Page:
Schooling has been pushed as a solution to many social ills (crime for example) but I think we would do much better to attack those social ills more directly. For crime more and better police. For poverty allow cheaper housing to be built. Also for poverty maybe a UBI. For education maybe some better PBS shows or youtube videos and libraries. Etc.

Fred Anderson writes:

Ryan Murphy says, "Tax education."

There is an argument that we already do.

Two observations:
(1) According to the Tax Policy Center, the top 20% of income earners pay 84% of personal income taxes. (The top 40% pay 97%.)
(2) 33.4% of Americans age 25 or older had completed four years of college or more in 2016 according to the Census Bureau. (But the National Student Clearinghouse reports that it takes 5.1 years of academic enrollment on average to earn the typical Bachelor's degree.)

Unproven linkage; being in the top 33% by education gets you into the top 33% by income. Probably an awful lot of young people are going into debt to pay for college on the blithe assumption that this one is true.

If they're right, then "Tax the Rich" may approximate "Tax the Educated." And transfers to the disadvantaged may mostly amount to transfers of the resulting tax take to the uneducated.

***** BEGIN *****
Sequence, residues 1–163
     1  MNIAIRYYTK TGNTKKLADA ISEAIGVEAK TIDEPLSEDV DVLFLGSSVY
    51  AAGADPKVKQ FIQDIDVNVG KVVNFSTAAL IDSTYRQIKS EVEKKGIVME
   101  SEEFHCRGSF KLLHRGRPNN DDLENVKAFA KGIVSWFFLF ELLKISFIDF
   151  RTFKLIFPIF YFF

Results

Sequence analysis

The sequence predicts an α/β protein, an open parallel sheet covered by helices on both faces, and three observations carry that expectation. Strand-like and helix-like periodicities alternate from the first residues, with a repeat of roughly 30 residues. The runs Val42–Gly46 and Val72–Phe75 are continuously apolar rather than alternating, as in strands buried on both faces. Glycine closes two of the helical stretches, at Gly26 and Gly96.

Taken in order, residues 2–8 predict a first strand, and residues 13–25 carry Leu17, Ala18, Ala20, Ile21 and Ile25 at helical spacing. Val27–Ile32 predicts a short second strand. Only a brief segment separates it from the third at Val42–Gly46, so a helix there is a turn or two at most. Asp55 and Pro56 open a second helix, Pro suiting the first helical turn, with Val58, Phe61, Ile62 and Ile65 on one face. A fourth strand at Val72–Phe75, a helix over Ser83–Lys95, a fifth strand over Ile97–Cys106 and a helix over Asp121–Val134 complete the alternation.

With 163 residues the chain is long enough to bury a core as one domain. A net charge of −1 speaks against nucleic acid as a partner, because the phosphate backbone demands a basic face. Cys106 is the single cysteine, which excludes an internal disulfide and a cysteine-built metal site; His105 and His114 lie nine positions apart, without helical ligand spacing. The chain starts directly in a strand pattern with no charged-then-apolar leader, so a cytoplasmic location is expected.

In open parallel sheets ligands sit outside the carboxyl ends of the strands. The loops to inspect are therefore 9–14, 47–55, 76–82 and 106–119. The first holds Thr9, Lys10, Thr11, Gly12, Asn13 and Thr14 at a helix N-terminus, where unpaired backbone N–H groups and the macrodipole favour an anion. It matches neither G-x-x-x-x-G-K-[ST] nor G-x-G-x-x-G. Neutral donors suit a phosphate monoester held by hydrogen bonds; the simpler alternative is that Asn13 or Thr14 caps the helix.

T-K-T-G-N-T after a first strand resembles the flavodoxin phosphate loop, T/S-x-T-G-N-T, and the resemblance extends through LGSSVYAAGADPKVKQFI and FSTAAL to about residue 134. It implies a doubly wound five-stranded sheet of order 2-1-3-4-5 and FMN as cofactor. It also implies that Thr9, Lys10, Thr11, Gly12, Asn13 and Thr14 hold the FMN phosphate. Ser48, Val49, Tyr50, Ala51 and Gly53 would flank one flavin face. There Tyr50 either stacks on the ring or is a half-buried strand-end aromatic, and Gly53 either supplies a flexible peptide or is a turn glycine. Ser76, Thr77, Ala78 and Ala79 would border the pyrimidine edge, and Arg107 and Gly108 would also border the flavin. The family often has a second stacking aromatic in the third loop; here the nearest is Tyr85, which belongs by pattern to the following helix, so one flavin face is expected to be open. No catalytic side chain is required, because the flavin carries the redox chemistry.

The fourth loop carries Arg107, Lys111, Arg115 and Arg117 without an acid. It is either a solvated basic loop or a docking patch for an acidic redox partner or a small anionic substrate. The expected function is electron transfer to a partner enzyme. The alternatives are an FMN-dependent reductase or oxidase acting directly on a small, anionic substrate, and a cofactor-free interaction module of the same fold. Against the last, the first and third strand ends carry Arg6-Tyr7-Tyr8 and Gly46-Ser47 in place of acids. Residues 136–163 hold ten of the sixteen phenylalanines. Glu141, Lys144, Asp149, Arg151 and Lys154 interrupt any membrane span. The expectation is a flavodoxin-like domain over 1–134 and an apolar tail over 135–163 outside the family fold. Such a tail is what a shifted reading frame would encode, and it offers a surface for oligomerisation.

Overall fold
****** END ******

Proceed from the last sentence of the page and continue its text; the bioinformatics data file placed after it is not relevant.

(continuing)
A cynic could get a bitter chuckle seeing liberal campuses aim that shotgun quite squarely at their own toes.

James Pass writes:

Frederick's strategy - to expend the minimum effort to get A's in the classes he finds useless and boring - seems reasonable. It's certainly better than failing the classes.

But hold on. Many if not most high school students find subjects such as mathematics, science, history and languages useless and boring. What is the libertarian approach? Who gets to decide what is useless and boring?

Most colleges now require three years of high school math: Algebra I, Geometry, and one higher-level course such as Algebra II, Statistics or Data Analysis. Some educators argue that even in trade jobs like construction, plumbing, manufacturing, electrician, equipment maintenance, car repair, customer service, etc., solid skills in basic math and language are beneficial. Or, at the very least, three years of high school math acts as a signal for "grit" and critical thinking skills.

But perhaps Caplan's book focuses less on high school education (which generally sticks to the basics) and more on college education, which starts to get more advanced (and expensive). There is no doubt that lots of kids are now "required" to get college degrees even if advanced academic education is not useful in their careers. Moreover, even in college programs that seem to be a perfect fit - such as an education degree for prospective teachers - there is a lot of waste. And don't get me started on the wasteful education and training requirements for some licensed vocations.

Frederic writes:

"I've attended both public and private schools. They're cut from the same cloth."
Gotta disagree for Summerhill- and Sudbury-style schools.